This blog may be utterly belated. However, what had inspired me to write it was our visit to the design museum on 12th October 2018. Remembering an exhibit that I have seen where they had a timeline displaying technological advancement and how design was a core element of their progression with time.
The first company to ever reach the one trillion valuation, Apple is a heavily product-orientated organisation which focus on internal innovations to improve their products without taking into consideration the input of consumers. This immensely contradicts the importance of empathy in design and business. Is this a coincidence or have Apple created demand from high skilled human capital that they obtain and advancement in design?
Well, two can’t deny how revolutionary Apple are in the technology industry and their significance in design development. Known for their simplistic, sleek and modern design along-side marvellous advancement in software development had allowed them to build a reputable household brand name which permitted them to sell their product at a premium price.
The significant transition of Apple products driven by ‘Designed by Apple in California’ has been possible due to multiple factors working harmonically together. What I have found shocking is that the Apple design team is surprisingly miniature in comparison to other large organisations. However, this has proved to be the clinical driver to their triumph. They have created an environment that allows each person to pitch their views whilst everyone else would listen and contribute rather than shaming and ignoring.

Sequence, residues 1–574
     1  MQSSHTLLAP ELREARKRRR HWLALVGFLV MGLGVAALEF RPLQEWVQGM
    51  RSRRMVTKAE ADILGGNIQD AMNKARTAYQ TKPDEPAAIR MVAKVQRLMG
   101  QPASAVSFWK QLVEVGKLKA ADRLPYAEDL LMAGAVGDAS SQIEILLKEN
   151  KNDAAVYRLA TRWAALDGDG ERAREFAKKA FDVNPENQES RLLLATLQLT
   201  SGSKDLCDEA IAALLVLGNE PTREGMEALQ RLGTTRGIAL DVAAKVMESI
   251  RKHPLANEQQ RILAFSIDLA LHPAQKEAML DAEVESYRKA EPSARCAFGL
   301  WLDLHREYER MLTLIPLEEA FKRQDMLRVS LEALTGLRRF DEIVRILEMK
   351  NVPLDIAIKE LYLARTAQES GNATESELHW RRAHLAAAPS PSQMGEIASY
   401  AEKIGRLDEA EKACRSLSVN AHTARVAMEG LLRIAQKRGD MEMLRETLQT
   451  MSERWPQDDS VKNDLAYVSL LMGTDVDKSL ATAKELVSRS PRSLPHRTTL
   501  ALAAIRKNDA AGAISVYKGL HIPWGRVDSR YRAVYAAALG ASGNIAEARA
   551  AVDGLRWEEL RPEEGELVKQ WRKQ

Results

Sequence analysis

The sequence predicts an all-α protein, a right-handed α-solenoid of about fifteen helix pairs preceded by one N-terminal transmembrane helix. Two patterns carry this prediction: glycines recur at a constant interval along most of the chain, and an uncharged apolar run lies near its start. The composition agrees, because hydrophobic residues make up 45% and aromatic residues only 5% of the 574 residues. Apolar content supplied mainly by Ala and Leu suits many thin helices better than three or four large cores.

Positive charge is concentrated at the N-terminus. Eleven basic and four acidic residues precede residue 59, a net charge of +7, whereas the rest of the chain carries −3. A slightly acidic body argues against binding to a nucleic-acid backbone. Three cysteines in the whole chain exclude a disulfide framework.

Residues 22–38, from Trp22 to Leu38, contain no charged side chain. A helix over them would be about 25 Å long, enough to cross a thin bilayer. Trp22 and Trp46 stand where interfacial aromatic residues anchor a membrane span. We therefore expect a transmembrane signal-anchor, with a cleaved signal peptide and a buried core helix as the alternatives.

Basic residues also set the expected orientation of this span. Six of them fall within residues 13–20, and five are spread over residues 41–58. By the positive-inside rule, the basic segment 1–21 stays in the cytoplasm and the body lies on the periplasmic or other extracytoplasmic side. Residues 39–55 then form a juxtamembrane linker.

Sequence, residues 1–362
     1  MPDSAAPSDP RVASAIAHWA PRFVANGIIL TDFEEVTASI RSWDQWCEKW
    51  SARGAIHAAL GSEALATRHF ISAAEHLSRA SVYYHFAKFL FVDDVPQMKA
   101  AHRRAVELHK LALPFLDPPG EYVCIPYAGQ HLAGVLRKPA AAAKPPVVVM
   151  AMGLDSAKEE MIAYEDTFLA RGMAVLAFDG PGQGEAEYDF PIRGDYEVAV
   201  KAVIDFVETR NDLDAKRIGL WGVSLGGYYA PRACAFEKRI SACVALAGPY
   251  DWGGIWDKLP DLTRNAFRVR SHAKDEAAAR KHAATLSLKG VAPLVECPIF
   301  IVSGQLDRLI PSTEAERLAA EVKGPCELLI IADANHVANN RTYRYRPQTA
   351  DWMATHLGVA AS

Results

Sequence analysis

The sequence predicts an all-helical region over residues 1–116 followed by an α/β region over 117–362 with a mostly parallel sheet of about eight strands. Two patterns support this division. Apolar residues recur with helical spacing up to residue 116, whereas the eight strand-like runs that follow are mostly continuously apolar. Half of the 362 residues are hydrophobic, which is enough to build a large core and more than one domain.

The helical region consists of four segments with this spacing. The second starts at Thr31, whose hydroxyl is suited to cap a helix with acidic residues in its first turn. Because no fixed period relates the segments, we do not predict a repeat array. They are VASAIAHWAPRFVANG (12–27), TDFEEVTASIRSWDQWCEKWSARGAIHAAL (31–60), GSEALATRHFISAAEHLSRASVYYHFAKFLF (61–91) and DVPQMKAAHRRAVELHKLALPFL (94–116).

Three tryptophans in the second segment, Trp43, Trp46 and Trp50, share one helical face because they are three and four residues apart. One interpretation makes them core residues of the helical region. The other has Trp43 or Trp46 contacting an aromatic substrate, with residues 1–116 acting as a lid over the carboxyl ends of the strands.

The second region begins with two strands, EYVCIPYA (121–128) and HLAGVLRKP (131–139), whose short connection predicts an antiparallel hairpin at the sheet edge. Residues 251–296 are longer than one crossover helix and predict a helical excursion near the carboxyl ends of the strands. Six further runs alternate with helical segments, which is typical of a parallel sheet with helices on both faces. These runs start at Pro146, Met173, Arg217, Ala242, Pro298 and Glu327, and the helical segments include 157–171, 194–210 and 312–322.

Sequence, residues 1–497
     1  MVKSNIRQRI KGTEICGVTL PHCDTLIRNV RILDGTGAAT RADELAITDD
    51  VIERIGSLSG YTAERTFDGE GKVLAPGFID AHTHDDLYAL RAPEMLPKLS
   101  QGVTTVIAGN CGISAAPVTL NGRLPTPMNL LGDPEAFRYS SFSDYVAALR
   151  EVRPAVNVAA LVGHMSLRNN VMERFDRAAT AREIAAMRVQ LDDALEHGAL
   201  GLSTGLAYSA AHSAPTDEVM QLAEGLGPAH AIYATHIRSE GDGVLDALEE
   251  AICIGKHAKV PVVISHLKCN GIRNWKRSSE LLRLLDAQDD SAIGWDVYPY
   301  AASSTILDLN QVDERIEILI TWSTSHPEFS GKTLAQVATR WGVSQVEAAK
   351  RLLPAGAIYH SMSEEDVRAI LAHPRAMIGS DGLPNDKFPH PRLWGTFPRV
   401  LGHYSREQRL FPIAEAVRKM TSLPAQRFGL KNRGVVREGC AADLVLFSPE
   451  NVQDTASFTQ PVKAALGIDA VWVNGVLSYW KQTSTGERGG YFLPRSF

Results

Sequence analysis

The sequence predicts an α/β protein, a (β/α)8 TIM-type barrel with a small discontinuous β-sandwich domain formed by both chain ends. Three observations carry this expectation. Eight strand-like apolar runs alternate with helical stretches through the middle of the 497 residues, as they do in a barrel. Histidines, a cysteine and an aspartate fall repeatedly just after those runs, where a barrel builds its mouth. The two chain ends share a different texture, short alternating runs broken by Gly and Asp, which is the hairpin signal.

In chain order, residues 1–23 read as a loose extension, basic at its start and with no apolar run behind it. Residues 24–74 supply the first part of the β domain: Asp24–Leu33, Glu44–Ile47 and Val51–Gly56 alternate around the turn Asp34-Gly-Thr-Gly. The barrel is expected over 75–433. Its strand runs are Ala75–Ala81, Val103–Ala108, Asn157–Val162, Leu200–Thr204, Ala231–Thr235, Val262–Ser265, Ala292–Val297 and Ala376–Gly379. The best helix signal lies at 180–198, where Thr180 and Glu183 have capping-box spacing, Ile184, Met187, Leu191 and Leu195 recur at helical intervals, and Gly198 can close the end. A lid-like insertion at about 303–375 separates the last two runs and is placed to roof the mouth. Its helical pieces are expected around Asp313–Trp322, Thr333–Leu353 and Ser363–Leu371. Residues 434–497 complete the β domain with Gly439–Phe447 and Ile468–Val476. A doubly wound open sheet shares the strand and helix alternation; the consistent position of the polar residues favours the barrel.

Inseparability of design and making, culture of asking questions and testing by constant prototyping and reforming are the core values which had been implemented to ignite Apple’s tremendous excelling in the industry. Distancing themselves from empathy and avoiding asking customers had led them in exploring wider boundaries by limiting outside influences on ‘why such things wouldn’t work’.
Today, seeing how the products of Apple changed dramatically with time tell us a story of momentum and learning. The most valuable lesson I’ve learnt from Apple it that designers should think of the future rather than thinking of what they have already accomplished to see how to be ahead.